The Mazda3 has been a favourite with Canadians ever since it launched in ’04, but it’s always been one of the pricier small car options. Now Mazda is willing to sell you a piece of its sporty ethos for bargain basement pricing. The question is: how much zoom-zoom do you actually get in the cheapest Mazda you can buy, the Mazda2?
Price: $19,690 including freight (five speed manual GS)
Power: 100 horsepower at 6,000 r.p.m.; 98 foot-pounds of torque at 4,000 r.p.m.
Fuel economy (city/highway): 6.8/5.6 litres/100 kilometres
Standard (GX base model): Traction control system, anti-lock brakes and dynamic stability control, power windows, power mirrors, power door locks
Options (GS Highline model): includes automatic headlights, rain-sensing wipers, steering wheel audio controls, MP3 playback and auxiliary input, fog lights
Sorry, I’ll try to be more serious.
Nope, no good. Wheeee!
The Mazda2′s 100 h.p. makes it one of the least powerful cars available in Canada. In fact, the only thing slower to get up and going is the 70 h.p. Smart Car which, if I’m being brutally honest, has always seemed pretty silly ever since they stopped offering it in a turbodiesel.
Certainly the gearing gap in the first to second shift will give you pause the first few times you drive the little Mazda; merging from a stop can be a little daunting if you’re turning right with traffic bearing down on you. The 1.5-litre engine doesn’t have much going on below 3,000 r.p.m. and unless you’re redlining first, you can drop into a torque-hole from which even the most enthusiastic flooring offers a slow escape.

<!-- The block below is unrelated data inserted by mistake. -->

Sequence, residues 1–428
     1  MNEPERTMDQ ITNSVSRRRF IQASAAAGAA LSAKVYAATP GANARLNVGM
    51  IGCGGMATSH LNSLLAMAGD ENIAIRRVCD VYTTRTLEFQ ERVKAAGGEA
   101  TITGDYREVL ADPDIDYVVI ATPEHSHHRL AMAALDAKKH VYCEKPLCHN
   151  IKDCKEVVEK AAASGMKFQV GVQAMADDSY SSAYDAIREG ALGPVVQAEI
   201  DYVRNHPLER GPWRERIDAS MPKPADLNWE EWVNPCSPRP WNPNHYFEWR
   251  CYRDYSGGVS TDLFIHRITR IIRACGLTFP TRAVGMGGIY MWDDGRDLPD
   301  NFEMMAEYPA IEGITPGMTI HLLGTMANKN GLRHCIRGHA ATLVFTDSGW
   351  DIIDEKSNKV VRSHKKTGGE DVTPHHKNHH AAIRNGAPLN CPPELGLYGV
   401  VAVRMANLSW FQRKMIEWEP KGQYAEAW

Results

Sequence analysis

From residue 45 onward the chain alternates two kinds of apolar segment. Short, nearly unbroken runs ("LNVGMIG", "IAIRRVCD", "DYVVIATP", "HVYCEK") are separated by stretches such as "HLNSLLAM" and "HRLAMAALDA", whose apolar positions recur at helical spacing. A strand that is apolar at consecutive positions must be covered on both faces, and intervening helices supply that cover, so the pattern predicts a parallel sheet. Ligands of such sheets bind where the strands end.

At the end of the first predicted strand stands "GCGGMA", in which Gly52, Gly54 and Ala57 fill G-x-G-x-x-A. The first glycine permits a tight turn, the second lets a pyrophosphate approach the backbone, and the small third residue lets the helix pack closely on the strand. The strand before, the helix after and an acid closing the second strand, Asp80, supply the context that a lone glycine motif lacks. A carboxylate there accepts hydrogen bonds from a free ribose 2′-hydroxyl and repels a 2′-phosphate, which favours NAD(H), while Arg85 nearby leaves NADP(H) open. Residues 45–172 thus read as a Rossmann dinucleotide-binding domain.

However, it takes all of about 15 seconds to get used to the power shortfall and all of about 20 seconds to fall in love with the quick, sharp steering and light chuckable nature of the ’2. This is the proverbial Great Little Car: in it you feel like a TIE Fighter wending your way through an asteroid field full of dullards in SUVs. The ’2 flits like a gnat, the cheeky grille grinning apologetically as you ‘scuse-me-pardon-me elbow your way through traffic.
Get it on the motorway, and that lightweight construction is less of a liability than you might think. It’s not a quiet car by any means, but nor is it overly tinny and buzzy. It’s not a slouch in third and fourth either; where you half expect it to fall on its face, it zips up behind cars packing thrice the horsepower.
Drawbacks? Well, some of that bargain-basementism extends to the interior, which is spartan at best. It’s also a pretty small car, which is great for parking but not the best if you’re picked to carpool for hockey practice.
Examining the flagship vehicles for a car company tells you a great deal about their engineering and design philosophy. Nissan has the supercar-killing GT-R. Subaru has a turbo-charged rally-car for the streets in the STi. Toyota has the nearly unobtainable LFA hypercar, more musical instrument than track weapon.
Mazda? Well, they’ve got the Miata: a car that’s time and again proved that pure driving pleasure isn’t about a bunch of techie driving aids or a whack of power. The reason the Miata keeps cropping up on every auto enthusiast’s must-own list is that it’s fun, fun, fun for cheap, cheap, cheap.
While I maintain that the Mazda2 could do with about 10-15 per cent more power from that 1.5-litre engine — everybody else in the segment is putting down those numbers — there’s no mistaking the Miata DNA in its bloodline. This is a fun car for cheap. Buy it with as few options as possible and laugh all the way to the bank.